Critics Say Bush AIDS Treatment Plan Flawed in Confronting Global Epidemic
Interview with Salih Booker, executive director of Africa Action, conducted by Melinda Tuhus
The AIDS pandemic has killed 25 million people worldwide over the past two decades, the vast majority in Africa, where it continues to spread virtually unchecked. President Bush scored points with many concerned about the epidemic when, during his State of the Union Address in January, he announced a $15 billion aid package for AIDS prevention and treatment over the next five years in Africa. But critics noted that most of the money was "backloaded," that is, slated for budgets toward the end of the five-year period. And there was no proposal for a supplemental budget appropriation this year, such as was passed last month to pay for the war in Iraq. Critics also charge that the administration is planning to establish a new bureaucracy to control and administer most of the funds, rather than channeling all the money through the United Nations-sponsored Global Fund for AIDS, malaria and tuberculosis.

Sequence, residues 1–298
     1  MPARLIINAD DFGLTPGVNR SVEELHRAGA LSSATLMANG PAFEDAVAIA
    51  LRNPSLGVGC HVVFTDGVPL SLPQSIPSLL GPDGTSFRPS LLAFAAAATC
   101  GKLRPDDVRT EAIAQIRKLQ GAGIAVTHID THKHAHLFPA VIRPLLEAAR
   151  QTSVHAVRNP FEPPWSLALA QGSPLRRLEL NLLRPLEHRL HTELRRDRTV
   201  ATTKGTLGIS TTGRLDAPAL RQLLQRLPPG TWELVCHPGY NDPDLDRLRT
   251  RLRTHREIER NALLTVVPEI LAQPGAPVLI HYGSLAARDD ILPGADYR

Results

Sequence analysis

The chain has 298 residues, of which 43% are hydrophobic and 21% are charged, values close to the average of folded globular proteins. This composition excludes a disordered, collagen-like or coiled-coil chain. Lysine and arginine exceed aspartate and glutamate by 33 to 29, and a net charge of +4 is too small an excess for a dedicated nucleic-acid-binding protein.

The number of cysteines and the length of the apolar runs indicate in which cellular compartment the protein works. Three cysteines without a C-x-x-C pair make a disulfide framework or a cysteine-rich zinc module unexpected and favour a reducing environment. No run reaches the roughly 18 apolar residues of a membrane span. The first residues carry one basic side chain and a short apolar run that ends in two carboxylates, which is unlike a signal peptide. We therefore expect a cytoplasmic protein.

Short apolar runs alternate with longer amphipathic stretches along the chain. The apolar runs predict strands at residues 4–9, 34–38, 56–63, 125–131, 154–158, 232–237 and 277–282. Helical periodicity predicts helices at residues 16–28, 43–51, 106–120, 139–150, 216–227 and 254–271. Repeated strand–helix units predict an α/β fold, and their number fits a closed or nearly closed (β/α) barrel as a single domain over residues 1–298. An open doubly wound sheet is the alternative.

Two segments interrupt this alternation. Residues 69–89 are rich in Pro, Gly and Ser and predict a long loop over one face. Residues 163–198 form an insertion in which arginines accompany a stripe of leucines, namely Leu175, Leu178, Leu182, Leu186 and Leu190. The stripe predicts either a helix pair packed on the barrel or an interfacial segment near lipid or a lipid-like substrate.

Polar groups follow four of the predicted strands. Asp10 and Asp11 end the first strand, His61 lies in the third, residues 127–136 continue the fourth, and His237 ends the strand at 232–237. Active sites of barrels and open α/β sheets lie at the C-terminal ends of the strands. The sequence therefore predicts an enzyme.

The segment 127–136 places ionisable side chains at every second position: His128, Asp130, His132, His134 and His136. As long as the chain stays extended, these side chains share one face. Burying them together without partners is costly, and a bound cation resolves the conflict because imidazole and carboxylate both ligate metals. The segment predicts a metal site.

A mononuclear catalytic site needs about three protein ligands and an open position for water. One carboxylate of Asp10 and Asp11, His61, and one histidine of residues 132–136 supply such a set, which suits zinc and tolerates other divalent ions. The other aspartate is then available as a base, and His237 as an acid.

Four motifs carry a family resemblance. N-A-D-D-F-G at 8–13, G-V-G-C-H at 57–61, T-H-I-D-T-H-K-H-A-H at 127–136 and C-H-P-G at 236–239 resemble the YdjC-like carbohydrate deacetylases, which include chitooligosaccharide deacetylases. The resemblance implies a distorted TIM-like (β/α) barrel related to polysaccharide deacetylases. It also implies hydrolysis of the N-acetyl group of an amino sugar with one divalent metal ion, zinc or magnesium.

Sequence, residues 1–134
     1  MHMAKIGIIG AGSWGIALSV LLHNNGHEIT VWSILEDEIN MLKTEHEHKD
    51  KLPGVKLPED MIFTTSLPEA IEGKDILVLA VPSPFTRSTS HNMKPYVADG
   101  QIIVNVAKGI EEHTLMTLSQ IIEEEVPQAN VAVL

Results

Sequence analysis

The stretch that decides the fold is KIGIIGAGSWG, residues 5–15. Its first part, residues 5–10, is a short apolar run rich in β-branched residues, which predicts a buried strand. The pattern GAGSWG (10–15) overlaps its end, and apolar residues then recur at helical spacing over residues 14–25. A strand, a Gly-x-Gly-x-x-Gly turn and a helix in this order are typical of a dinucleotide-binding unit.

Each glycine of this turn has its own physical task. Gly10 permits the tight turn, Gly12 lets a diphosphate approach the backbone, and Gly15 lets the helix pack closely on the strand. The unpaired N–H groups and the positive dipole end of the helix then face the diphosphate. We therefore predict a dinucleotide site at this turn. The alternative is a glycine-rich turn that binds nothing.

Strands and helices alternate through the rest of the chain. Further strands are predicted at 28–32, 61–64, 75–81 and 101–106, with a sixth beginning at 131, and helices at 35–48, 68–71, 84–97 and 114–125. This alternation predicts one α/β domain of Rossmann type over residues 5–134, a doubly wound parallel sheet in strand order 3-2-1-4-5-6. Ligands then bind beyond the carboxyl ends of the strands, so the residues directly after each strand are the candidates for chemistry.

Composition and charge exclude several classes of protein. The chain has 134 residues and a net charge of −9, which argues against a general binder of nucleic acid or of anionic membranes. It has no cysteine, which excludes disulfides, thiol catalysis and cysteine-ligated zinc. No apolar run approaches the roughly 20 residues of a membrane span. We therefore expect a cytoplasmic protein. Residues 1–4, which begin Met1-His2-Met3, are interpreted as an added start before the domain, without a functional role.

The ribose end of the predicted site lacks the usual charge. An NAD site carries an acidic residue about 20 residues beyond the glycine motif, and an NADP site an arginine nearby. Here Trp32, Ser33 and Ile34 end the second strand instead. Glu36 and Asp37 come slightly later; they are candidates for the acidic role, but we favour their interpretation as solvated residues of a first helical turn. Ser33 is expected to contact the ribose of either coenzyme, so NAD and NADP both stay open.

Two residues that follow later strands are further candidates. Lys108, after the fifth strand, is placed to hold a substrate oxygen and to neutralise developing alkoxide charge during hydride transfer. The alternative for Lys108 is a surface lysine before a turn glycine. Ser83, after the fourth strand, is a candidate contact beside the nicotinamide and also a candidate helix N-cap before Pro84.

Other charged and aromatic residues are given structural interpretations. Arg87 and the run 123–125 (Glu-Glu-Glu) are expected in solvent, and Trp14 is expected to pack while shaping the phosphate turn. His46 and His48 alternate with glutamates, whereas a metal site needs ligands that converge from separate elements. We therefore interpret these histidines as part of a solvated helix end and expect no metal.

Still, the fact that new funds are being made available, both for prevention and treatment, is a positive development, say those working in the field.
Between The Lines' Melinda Tuhus spoke with Salih Booker, executive director of Africa Action. Over the years, the group has focused its attention on the struggle against colonialism, apartheid, the debt burden hindering development and other issues affecting the continent. Now the group's primary focus is on combating HIV/AIDS, part of its Africa's Right to Health Campaign. Booker discusses the strengths and weaknesses of the White House proposed legislation on AIDS prevention and treatment in Africa.
Contact Africa Action at (202) 546-7961 or visit their Web site at www.africaaction.org.
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